Capitol Theatre

66 E. Main Street,
Welland, ON L3B 3W3

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Early `50s photo via Mike Jolin.

Operated by Famous Players, this theatre opened by 1927 and closed in 1969 and demolished in 1978.

Contributed by Christopher Walczak

Recent comments (view all 6 comments)

Jon Lidolt
Jon Lidolt on July 2, 2008 at 9:03 am

My mother loved the movies and I remember being taken to the Capitol at around 4 years of age to see “Snow White and the Seven Dwarfs.” We were sitting in the balcony, a location my mother preferred because you never had a head in front of you to block the view. Not to mention that the theatre looked spectacular from that vantage point.

The color scheme then consisted of various shades of pastel blues with ivory accents on the ornamental plaster work. This changed in 1955 when the theatre underwent an extensive renovation. The revised color scheme emphasized the warmer end of the spectrum and again with ivory accents. The new seats in the downstairs section were the pushback type so that when someone wanted to get past you, you didn’t have to get up.

The updated theatre featured a new chandelier in the balcony, a candy counter was installed on the ground floor, the entire theatre was re-carpeted, the marquee was replaced, new curtains graced the stage and the place was finally air-conditioned. Although this feature didn’t work when the theatre had its grand re-opening. The place was packed and it was really uncomfortable inside.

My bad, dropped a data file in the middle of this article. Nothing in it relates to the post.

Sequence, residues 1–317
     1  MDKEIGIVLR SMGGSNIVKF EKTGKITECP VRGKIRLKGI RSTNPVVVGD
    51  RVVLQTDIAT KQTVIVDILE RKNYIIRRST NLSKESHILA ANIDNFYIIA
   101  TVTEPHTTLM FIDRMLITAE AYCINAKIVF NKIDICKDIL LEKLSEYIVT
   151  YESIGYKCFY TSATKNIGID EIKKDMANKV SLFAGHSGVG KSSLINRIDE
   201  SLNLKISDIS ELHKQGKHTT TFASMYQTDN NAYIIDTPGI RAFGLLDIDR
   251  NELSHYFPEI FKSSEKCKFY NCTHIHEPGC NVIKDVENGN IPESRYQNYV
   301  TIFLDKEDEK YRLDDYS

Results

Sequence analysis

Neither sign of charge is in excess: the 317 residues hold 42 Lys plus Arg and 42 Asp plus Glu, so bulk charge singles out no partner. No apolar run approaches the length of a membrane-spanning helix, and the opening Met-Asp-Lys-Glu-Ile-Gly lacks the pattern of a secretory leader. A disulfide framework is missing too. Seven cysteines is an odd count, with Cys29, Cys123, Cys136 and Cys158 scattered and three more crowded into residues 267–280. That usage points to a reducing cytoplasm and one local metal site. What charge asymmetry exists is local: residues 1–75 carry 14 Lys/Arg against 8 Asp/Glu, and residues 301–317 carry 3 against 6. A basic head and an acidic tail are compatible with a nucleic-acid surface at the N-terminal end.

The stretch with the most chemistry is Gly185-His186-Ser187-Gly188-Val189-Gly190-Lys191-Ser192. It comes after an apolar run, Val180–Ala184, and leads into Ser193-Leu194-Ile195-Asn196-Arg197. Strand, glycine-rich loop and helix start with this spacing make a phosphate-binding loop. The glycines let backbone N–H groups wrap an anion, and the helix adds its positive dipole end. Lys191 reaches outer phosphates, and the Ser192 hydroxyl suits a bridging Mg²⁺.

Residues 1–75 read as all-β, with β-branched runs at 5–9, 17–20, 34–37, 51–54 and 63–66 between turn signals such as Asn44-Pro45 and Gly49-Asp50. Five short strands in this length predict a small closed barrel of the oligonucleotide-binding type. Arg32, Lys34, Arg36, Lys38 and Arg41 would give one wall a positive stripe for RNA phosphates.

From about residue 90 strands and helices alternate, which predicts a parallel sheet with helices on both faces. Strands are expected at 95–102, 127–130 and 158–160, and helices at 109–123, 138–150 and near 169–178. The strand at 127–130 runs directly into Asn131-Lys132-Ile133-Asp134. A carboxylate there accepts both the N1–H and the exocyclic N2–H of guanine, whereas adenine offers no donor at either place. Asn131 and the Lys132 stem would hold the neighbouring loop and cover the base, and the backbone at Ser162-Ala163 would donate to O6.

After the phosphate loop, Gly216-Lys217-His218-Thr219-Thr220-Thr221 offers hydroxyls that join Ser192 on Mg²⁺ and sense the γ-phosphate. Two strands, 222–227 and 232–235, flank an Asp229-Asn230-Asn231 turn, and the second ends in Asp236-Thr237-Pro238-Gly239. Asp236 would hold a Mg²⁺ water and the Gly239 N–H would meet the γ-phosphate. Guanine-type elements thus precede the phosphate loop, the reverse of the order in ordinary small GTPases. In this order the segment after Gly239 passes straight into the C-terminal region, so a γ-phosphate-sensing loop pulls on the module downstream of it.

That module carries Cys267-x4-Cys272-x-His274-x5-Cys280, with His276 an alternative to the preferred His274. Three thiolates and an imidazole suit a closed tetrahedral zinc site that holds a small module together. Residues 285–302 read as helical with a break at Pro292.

Stereophonic sound made its debut in Welland when CinemaScope was installed in the winter of 1954. The Capitol was always first with every new innovation. In 1953 the theatre hosted city’s first showing of a 3-D film. And contrary to what we’ve read read in the press recently, no one in the early 50’s watched three dimensional films through red and blue glasses.

I remember seeing Welland’s first 3-D movie “House of Wax” the day the Queen was crowned. The matinee that day was jammed with every kid in the city. And you should have heard the screams when one of the actors threw a chair and it, shockingly, flew right out of the screen at us.

The longest running movie ever shown at the Capitol was “The Ten Commandments” in 1956. It ran for 3 full weeks in an era when most films in Welland played for only 3 days. On the opening night of “Ten Commandments,” the 1200 theatre was sold out a half hour before showtime.

On thing I forgot to mention is that the Capitol had a stage and an orchestra pit. And being located in the middle of the Niagara Peninsula, would have made a great performing arts centre.

Jon Lidolt
Jon Lidolt on July 3, 2008 at 8:03 am

Unfortunately, this theatre’s status should be changed from closed to demolished.

kencmcintyre on November 30, 2008 at 11:14 am

The Capitol Theatre was on East Main Street, according to this site:

Joe Vogel
Joe Vogel on March 5, 2014 at 12:11 pm

The Capitol Theatre was in operation by 1927, when this photo was taken.

Old Photos show that the Capitol was across the street from the Dexter Hotel, which is still standing at 67-69 E.Main Street, so the address of the Capitol was most likely 66 or 68 E. Main Street.

DavidZornig on April 18, 2018 at 6:47 pm

Early `50s photo added via Mike Jolin. Capitol Theatre in the center, darker marquee on the taller building.

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